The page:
- Peer production (also known as mass collaboration) is a way of producing goods and services that relies on self-organizing communities of individuals. In such communities, the labor of many people is coordinated towards a shared outcome. Peer production is a process taking advantage of new collaborative possibilities afforded by the internet and has become a widespread mode of labor. Free and open source software and open source hardware are two examples of peer production. One of the earliest instances of networked peer production is Project Gutenberg, a project in which volunteers make out-of-copyright works available online. Other non-profit examples include Wikipedia, an online encyclopedia (which has been described as "one of the most classic examples" of the peer production concept), Linux, a computer operating system, and Mozilla, a browser. Peer production occurs in a socio-technical system which allows thousands of individuals to effectively cooperate to create a non-exclusive given outcome (under commons and other forms of shared property). Implanting the principle of open collaboration, participants of peer production projects can join and leave at will (more on openness). These collective efforts are informal and non-unionized. Peer production is a collaborative effort with no limit to the amount of discussion or changes that can be made to the deliverable. However, as in the case of Wikipedia, a large amount, in fact the majority, of this collaborative effort is maintained by very few devoted and active individuals (also called longtail production).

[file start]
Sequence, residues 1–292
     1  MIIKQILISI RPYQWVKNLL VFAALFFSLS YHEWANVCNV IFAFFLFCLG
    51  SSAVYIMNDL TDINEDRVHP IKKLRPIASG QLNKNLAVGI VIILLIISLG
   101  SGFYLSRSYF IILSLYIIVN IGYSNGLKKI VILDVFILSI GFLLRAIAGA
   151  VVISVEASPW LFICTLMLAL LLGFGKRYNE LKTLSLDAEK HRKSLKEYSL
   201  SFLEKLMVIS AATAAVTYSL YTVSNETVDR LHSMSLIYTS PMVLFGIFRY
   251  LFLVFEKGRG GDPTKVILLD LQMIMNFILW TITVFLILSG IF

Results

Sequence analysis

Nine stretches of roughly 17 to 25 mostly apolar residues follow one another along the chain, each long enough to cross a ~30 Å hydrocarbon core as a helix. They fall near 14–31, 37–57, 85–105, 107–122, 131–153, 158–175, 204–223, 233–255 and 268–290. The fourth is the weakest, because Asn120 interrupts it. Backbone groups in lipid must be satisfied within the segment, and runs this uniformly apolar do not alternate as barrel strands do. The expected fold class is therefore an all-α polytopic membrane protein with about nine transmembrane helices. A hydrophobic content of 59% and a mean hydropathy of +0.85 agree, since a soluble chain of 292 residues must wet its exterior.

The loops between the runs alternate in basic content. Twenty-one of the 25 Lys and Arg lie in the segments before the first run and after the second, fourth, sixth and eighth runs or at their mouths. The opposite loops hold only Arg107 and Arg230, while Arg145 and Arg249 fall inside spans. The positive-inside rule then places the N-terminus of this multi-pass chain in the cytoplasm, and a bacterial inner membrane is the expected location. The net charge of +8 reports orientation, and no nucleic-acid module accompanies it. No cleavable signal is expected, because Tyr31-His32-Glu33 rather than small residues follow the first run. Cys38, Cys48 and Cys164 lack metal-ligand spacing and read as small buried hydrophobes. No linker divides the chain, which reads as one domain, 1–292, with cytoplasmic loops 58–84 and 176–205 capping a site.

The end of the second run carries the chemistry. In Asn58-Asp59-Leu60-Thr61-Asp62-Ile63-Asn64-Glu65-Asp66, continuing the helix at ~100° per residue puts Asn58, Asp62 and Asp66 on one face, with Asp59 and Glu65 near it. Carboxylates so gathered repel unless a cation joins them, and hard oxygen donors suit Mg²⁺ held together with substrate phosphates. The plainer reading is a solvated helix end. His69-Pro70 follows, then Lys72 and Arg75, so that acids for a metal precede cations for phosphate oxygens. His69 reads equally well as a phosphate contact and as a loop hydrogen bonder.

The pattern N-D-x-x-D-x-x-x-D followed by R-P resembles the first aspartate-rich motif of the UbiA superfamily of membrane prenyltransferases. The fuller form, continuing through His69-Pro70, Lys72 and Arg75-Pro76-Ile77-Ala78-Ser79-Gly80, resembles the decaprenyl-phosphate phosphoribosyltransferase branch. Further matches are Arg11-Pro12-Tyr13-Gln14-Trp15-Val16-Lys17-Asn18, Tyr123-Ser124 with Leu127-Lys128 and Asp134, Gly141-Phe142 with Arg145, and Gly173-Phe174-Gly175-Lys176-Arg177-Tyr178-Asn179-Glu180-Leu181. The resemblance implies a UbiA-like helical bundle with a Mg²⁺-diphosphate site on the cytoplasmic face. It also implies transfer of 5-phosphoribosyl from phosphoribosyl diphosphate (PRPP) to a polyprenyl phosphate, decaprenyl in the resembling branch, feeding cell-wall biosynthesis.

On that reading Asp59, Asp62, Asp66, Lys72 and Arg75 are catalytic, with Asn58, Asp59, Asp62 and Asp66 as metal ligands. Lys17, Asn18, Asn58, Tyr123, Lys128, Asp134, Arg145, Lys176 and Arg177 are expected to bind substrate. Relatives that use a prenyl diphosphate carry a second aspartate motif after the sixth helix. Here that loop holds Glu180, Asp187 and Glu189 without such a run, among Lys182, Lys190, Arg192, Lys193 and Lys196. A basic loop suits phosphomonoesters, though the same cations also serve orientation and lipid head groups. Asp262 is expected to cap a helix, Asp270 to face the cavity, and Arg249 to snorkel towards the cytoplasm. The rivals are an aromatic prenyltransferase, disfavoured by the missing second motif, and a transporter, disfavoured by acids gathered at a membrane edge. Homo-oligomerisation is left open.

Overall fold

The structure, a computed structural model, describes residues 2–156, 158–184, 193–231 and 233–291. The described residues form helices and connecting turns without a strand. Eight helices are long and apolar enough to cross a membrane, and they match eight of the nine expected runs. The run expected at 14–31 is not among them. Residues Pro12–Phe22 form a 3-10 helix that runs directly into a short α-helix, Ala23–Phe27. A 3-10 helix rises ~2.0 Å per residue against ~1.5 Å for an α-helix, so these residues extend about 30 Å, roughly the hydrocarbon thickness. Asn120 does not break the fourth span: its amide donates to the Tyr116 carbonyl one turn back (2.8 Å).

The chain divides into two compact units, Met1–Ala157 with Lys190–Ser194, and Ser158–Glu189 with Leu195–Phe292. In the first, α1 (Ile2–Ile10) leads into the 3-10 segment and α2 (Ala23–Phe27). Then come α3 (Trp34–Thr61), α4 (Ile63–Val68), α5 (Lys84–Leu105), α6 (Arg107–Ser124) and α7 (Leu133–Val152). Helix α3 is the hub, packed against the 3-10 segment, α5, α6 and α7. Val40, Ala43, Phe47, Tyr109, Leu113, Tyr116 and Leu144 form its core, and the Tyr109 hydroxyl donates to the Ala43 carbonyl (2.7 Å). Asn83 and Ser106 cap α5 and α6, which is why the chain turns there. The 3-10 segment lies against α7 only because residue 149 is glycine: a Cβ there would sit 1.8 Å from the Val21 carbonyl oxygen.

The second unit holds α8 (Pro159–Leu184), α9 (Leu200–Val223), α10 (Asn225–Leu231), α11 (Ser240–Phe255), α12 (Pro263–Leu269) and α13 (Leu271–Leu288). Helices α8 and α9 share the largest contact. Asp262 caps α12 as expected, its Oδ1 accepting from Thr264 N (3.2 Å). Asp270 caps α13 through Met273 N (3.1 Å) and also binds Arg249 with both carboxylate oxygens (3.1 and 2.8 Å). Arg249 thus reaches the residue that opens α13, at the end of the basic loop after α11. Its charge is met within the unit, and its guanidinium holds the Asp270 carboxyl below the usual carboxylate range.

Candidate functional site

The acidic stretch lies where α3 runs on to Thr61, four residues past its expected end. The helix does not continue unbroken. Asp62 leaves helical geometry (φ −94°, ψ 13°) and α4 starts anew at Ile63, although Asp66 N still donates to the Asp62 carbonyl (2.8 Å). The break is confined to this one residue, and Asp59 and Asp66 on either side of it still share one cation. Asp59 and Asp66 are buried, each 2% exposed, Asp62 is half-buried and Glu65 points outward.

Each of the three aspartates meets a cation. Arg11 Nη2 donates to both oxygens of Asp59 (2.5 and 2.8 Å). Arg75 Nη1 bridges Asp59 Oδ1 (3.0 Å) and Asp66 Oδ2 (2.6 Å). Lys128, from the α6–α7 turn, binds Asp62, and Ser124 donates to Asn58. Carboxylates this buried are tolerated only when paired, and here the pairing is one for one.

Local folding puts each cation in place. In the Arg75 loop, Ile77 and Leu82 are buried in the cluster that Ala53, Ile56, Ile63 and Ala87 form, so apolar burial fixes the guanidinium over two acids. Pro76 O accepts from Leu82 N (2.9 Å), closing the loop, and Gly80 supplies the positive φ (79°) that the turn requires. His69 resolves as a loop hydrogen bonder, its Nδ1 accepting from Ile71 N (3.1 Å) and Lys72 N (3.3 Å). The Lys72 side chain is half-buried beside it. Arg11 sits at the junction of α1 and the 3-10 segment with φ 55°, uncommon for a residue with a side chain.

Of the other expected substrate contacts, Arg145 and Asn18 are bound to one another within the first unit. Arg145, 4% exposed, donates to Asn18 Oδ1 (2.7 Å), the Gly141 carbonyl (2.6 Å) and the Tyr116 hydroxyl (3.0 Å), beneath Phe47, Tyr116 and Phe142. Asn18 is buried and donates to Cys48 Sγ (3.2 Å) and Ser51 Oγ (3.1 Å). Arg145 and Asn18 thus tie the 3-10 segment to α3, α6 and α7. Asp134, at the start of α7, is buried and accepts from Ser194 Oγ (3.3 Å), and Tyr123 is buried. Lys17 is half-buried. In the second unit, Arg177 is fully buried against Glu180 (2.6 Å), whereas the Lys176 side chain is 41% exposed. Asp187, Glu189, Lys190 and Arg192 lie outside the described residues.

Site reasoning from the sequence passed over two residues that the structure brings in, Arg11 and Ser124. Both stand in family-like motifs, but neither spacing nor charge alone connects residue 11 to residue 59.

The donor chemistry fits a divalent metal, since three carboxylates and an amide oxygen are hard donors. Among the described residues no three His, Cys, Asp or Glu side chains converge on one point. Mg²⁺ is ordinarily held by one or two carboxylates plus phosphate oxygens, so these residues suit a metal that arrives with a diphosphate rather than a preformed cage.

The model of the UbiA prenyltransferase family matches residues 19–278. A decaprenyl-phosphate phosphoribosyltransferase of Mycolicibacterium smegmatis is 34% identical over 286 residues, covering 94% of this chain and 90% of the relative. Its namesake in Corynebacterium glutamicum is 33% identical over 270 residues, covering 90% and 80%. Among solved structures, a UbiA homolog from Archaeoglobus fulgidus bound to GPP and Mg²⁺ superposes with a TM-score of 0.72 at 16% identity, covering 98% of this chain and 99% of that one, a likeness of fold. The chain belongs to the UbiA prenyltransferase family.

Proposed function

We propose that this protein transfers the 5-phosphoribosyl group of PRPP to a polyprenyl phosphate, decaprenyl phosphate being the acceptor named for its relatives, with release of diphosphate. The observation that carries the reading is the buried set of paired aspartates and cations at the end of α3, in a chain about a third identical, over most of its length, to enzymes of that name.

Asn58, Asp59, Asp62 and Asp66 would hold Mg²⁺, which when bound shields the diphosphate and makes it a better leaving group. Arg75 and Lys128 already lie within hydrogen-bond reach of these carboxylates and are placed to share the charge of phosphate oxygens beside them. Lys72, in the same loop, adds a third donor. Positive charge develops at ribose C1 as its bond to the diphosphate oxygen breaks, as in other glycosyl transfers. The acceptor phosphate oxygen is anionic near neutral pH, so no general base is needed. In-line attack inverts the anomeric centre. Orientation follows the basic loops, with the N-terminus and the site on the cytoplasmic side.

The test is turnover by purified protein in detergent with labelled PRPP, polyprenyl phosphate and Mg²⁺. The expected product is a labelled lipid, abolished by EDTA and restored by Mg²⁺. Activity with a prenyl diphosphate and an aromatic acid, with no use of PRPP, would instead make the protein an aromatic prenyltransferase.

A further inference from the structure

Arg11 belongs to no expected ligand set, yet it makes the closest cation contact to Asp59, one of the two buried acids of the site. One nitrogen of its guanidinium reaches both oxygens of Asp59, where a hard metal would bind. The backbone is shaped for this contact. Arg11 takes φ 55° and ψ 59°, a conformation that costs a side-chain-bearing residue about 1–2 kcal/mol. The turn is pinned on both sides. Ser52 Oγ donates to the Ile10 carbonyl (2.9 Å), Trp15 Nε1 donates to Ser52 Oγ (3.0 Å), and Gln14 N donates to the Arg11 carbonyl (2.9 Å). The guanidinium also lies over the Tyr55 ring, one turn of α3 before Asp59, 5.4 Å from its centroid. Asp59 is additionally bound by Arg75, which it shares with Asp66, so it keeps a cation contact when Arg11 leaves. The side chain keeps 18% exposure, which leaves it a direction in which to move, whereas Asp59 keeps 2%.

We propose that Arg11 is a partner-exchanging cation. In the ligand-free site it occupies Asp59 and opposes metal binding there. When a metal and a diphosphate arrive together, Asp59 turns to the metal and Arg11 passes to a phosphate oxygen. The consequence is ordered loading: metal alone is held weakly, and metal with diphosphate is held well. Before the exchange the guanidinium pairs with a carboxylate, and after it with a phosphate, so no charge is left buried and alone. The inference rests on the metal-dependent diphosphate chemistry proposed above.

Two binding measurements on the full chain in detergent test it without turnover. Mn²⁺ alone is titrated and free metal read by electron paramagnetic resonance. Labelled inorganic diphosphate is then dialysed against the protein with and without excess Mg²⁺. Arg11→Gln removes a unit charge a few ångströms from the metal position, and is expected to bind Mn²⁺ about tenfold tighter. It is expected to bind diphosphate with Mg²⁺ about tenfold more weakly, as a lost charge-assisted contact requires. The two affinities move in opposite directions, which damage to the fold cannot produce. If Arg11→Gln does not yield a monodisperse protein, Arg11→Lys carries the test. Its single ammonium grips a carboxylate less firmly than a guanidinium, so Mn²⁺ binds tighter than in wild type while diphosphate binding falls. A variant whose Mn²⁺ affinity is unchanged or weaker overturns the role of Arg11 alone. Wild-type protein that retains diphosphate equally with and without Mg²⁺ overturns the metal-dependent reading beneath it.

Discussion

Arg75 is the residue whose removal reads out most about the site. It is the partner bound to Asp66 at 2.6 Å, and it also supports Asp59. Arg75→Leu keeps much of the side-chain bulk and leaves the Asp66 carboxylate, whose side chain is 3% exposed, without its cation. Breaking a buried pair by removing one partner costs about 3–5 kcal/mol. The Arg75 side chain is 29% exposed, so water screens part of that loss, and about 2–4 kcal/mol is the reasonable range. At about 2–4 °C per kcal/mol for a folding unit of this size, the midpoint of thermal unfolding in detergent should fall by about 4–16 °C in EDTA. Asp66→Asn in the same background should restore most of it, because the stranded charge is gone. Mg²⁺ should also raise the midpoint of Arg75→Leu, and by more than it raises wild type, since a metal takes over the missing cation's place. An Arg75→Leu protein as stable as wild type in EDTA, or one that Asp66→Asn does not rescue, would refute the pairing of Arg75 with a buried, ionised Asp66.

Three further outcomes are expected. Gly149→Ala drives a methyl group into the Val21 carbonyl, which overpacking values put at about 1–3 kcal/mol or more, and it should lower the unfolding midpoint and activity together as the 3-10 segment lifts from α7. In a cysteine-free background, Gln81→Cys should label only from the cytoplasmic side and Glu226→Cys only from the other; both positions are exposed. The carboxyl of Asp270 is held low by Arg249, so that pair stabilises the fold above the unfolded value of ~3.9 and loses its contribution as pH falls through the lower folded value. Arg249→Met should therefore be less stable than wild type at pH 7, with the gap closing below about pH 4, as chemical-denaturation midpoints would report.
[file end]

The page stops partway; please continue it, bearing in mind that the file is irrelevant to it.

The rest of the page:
A good example of peer production of digital services is Bitcoin. It can be seen as a permisisonless distributed network of agents (miners, blockchain developers, clients and other service providers that rely on the main network) that provides a global and very secure token exchange service. Some argue that this service amounts to a store of value, others consider it as a currency. Bitcoin, with its underlying blockchain technology has ushered a new age in peer production, with the emergence of the DAO (decentralized autonomous organizations) movement. The scale and high level of reliability of the Bitcoin service suggests that peer production can lead to very high quality outcomes. The longevity of the Bitcoin network and its adoption over time also suggests that peer production can be very transformative. This seems to be very puzzling for skeptics who have criticized peer production for some of its unreliable or mediocre outcomes.
Sensorica, with the OVN model aims at extending the success of the Bitcoin network into the material realm. The reader must note that although there are significant ideological differences among various implementations of peer production, the OVN model discussed here, which originates in the commons movement, and the libertarian-leaning Bitcoin model are part of a larger family of economic models. See also the 4th Sector.